The Expansion draft to me was a C at best but probably more a D as they should have exposed Samsonov and then they would have have wasted a #2 pick to get VV back. There would have been no need and IMHO a waste of $2 mil to resign Sammy if he had been exposed to to the draft and this summer there would be no need to trade him or truly ovepay him so this is an F. Acquiring both Leasson and Johansson are both F as lost draft picks and player who was better than either of those traded for. The trust in the Gm to put out a good team F and the HC to make a difference F. As Alex only needs 115 to break the record and I think he is shooting for 900 before he retires, so that would be 120 goalsand he could do that in the next 3 and then retire. If it takeshim 4 years then his contract will be up and there will be a ton of oney on the table that hopeully whoever is the GM does not throw around but instead banks so taht as westart to get into the top 10 and hopefully top 5 for picks in the 1st round there will be money there to sign players. This is why getting the high picks the next few years is so important and also keeping out picks not tading them away for older players so that we can acquire top notch talent and hopefully not head cases.

  7. Anonymous says:

    Dowd is a legit third line center who plays on the fourth line. Dowd drives play, kills penalties, wins faceoffs, is a great forechecker and hitter, and brings respectable offense while starting in the d zone most of the time.

    His deal was, and remains, underrated, like Jensen’s was.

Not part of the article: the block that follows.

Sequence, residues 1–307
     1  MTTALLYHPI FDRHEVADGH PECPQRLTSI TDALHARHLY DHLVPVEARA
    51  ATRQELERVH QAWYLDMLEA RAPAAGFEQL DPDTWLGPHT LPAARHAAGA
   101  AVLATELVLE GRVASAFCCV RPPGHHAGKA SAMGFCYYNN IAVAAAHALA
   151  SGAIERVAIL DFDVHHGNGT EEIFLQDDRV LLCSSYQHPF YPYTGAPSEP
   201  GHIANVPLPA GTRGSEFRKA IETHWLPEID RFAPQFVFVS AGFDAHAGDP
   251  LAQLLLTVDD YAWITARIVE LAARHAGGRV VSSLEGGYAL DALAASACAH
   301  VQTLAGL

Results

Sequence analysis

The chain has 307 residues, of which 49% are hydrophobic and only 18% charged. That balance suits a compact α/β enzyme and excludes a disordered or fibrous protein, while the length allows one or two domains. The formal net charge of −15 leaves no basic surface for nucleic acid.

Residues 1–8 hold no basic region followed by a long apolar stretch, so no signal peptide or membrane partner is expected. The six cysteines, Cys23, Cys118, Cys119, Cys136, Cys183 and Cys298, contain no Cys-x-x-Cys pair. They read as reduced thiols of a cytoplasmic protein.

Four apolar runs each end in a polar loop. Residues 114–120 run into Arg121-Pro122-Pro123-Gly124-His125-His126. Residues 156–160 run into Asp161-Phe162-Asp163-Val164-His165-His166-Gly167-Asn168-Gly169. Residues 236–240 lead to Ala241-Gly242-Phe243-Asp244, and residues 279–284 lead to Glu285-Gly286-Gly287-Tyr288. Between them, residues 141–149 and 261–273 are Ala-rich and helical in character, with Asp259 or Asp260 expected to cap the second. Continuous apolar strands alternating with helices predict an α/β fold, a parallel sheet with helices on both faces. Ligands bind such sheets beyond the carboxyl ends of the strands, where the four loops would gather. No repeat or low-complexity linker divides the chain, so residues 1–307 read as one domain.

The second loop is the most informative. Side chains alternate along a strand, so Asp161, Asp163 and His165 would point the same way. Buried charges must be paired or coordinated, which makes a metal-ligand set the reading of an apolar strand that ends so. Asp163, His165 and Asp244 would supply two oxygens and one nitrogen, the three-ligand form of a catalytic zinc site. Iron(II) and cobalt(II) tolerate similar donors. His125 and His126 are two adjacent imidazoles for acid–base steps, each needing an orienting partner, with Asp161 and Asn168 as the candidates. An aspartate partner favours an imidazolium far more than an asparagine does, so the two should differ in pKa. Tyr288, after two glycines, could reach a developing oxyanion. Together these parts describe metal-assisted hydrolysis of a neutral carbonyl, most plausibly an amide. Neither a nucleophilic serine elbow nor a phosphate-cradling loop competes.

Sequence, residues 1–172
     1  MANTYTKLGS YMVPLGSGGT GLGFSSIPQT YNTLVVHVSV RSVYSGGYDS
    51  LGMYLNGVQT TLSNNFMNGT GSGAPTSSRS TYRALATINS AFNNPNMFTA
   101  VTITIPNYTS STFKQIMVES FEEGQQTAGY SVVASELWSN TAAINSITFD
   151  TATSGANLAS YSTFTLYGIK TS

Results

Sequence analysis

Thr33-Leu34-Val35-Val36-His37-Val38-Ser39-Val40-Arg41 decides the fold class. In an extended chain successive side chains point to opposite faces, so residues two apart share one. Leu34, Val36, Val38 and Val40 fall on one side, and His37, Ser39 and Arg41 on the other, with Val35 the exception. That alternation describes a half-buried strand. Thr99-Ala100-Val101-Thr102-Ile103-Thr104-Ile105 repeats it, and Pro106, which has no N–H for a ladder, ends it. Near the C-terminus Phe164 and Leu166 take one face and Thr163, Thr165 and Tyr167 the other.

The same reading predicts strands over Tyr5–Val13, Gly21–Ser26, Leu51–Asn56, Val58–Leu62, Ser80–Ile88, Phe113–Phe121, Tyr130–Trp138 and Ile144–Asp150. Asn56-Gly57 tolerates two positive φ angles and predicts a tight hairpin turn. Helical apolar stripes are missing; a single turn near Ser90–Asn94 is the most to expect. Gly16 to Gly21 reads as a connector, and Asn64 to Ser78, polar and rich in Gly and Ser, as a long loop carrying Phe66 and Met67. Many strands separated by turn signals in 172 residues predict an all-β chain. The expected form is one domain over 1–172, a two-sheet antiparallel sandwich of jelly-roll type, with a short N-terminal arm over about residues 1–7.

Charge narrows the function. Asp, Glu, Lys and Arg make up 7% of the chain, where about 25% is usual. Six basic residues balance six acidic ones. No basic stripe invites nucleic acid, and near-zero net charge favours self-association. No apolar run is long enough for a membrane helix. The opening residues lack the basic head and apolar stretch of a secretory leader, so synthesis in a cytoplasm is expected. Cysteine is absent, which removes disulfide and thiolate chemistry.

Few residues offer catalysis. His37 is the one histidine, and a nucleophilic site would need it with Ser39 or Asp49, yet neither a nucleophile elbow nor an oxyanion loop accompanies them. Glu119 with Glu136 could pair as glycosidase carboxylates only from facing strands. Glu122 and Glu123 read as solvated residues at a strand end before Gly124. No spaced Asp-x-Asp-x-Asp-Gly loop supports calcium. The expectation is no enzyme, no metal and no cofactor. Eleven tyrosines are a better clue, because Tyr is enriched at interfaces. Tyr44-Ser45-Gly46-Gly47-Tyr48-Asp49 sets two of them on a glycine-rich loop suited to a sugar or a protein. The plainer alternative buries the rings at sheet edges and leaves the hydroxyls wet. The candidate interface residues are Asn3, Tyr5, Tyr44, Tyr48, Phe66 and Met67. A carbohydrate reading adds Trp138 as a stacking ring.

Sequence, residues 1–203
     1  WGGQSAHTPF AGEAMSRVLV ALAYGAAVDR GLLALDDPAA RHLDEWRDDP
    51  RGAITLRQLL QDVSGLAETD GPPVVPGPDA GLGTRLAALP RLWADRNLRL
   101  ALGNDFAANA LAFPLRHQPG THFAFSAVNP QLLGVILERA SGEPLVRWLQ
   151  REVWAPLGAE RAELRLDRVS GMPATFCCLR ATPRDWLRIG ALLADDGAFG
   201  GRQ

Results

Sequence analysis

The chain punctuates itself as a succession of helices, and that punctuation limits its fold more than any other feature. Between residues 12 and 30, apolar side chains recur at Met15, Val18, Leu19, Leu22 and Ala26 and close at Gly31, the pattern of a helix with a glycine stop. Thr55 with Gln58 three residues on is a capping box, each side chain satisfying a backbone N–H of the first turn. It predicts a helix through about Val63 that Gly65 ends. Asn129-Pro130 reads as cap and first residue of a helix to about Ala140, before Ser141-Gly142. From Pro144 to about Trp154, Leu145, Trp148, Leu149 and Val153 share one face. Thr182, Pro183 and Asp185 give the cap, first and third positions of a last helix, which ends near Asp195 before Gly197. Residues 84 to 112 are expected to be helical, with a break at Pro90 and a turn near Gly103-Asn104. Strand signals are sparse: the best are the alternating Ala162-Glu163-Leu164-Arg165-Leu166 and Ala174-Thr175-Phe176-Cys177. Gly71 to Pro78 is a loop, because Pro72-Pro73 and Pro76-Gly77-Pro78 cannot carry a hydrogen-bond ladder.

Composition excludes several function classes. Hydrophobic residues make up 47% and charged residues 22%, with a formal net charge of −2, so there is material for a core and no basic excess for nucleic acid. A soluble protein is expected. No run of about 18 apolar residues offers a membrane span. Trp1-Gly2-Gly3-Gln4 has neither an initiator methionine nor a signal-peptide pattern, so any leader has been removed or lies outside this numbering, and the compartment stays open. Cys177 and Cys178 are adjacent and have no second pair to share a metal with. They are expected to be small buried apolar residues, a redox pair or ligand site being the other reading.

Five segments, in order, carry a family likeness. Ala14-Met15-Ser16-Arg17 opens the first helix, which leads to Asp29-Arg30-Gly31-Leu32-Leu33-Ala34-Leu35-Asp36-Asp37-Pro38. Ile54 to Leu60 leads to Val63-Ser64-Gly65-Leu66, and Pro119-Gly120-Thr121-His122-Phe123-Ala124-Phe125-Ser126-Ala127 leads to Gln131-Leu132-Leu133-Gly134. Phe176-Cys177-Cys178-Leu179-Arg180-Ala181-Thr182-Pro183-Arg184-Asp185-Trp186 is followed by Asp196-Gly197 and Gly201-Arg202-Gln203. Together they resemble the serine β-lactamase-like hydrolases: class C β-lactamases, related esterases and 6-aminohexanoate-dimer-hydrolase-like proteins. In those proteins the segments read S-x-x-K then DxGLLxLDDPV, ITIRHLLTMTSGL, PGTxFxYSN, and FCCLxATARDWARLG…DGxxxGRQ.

• Jon Sorensen says:

      I agree with all you say. Caps 4th line has been best line last two seasons. Lavi loves that line. The only issue I had was term for a 31-year old.

      • Anonymous says:

        I am perfectly happy with the term. By all accounts, Dowd is a great person and has a great family. He has been in good health, and even if he slows down skating-wise, his faceoffs and defensive play will ensure that he won’t be a bad contract.

        Guys like Dowd are certainly replaceable, but it’s a pretty rare find to extract the kind of value that Dowd has brought and continues to bring at his cap hit. It’s better to lock it up and keep the chemistry in tact than let him walk to Pitt for 100k more.

        Besides, Dowd has turned into a pretty skilled forward. I imagine that he’ll adapt just fine as he ages.

  8. Anonymous says:

    Mojo move could’ve gotten a higher grade in my opinion. Showed a lot of skill and heart in the playoffs. Great read

    • Anonymous says:

      He played well but wasn’t a fit in terms of what the team needed. It’s hard to argue that he juice was worth the squeeze- we’re out a pick and the team won two games.

    • Jon Sorensen says:

      Agree, Mojo did much better than people give him credit for.